| Options | Log out Log In | Register
Baseball Press Logo and Banner
Around the Diamond - Weekly Linkage
Dan Port | Friday April 20th, 2012
49 year-old Jamie Moyer set a major league record on Tuesday. (US Presswire)
49 year-old Jamie Moyer set a major league record on Tuesday. (US Presswire)
Around the Diamond looks at our favorite baseball articles and observations throughout the internet.  Here's what we're reading this week.

The Miami Marlins finally hit a home run in their new ballpark, which means that the elaborate piece of artwork out in centerfield was finally illuminated in all of its glory.

Colorado righthander Jamie Moyer became the oldest winning pitcher in major league history on Tuesday night when he tossed seven solid innings to beat the San Diego Padres.  There's no report on if he told them to "get off his lawn."

Sports website The Classical explains that Oakland outfielder Yoenis Cespedes is a unique case: a baseball prospect grounded squarely in the present, and not the past.

If anyone was wondering how former big leaguer Lenny Dykstra's personal and financial downfall happened as fast as it did, the New York Times recently re-ran their July 2011 story recapping the last three years of Dykstra's life.

The Dodgers turned a controversial triple play on Sunday when a bunted ball appeared to be called foul but was in play (video included).

-Veteran catcher Ivan Rodriguez finally decided to hang up his spikes and retire this year, and Dayn Perry at Eye on Baseball breaks down exactly where "Pudge" ranks among the all-time great major league backstops.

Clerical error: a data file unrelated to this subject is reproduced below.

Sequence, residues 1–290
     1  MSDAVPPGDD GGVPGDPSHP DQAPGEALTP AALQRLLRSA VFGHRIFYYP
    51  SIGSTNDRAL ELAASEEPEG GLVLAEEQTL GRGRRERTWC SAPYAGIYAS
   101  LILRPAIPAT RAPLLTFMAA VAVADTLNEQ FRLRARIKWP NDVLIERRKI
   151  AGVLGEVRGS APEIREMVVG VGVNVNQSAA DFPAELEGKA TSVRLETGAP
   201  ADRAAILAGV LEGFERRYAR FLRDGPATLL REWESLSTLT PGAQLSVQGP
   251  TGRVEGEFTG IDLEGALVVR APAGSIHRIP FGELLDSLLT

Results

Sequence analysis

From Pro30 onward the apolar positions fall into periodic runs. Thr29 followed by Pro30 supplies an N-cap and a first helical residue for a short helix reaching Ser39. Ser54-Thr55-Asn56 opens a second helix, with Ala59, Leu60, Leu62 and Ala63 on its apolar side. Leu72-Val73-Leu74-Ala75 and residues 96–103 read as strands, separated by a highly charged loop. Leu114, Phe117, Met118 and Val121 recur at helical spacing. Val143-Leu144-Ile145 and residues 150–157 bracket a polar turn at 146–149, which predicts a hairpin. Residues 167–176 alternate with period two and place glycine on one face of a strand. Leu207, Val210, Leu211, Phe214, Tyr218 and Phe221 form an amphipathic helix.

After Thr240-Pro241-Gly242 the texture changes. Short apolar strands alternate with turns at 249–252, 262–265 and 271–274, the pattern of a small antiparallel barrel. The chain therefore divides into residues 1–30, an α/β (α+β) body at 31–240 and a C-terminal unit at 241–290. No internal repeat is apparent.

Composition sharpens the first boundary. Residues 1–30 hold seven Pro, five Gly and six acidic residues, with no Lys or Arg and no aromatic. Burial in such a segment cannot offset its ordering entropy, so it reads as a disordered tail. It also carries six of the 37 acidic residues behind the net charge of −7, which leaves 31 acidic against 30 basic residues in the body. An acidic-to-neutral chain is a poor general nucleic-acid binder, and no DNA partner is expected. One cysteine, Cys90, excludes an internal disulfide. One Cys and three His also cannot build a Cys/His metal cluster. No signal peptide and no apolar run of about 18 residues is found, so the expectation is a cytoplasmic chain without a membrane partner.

Miami Marlins pitcher and former Cubs ace Carlos Zambrano surprised this week when he spoke highly of the city of Chicago and his former franchise during a Florida series between the two teams.

The latest piece from SI.com's Tom Verducci raises many questions about the modern bullpen and the growing number of closer breakdowns in MLB.

How good is Washington outfielder Rick Ankiel's throwing arm?  So good that he makes the highlight reel even when a runner decides not to test him (video included).

Deadspin catches up with 1974 Cy Young Award winner Mike Marshall, whose unique pitching style and doctoral education made him one of baseball's most durable pitchers and, later in life, a coaching outcast.

Reggie Yinger, Nate Springfield, and Dan Port contributed links to this article.
Dan PortDan Port has been a writer and article editor for Baseball Press since the fall of 2009. He's a Wisconsin native and Los Angeles resident, as well as an aspiring novelist, moderately successful gambler, and avid craft beer aficionado. You can reach him at dan@baseballpress.com or check him out on Twitter @danport and at DanielPort.com.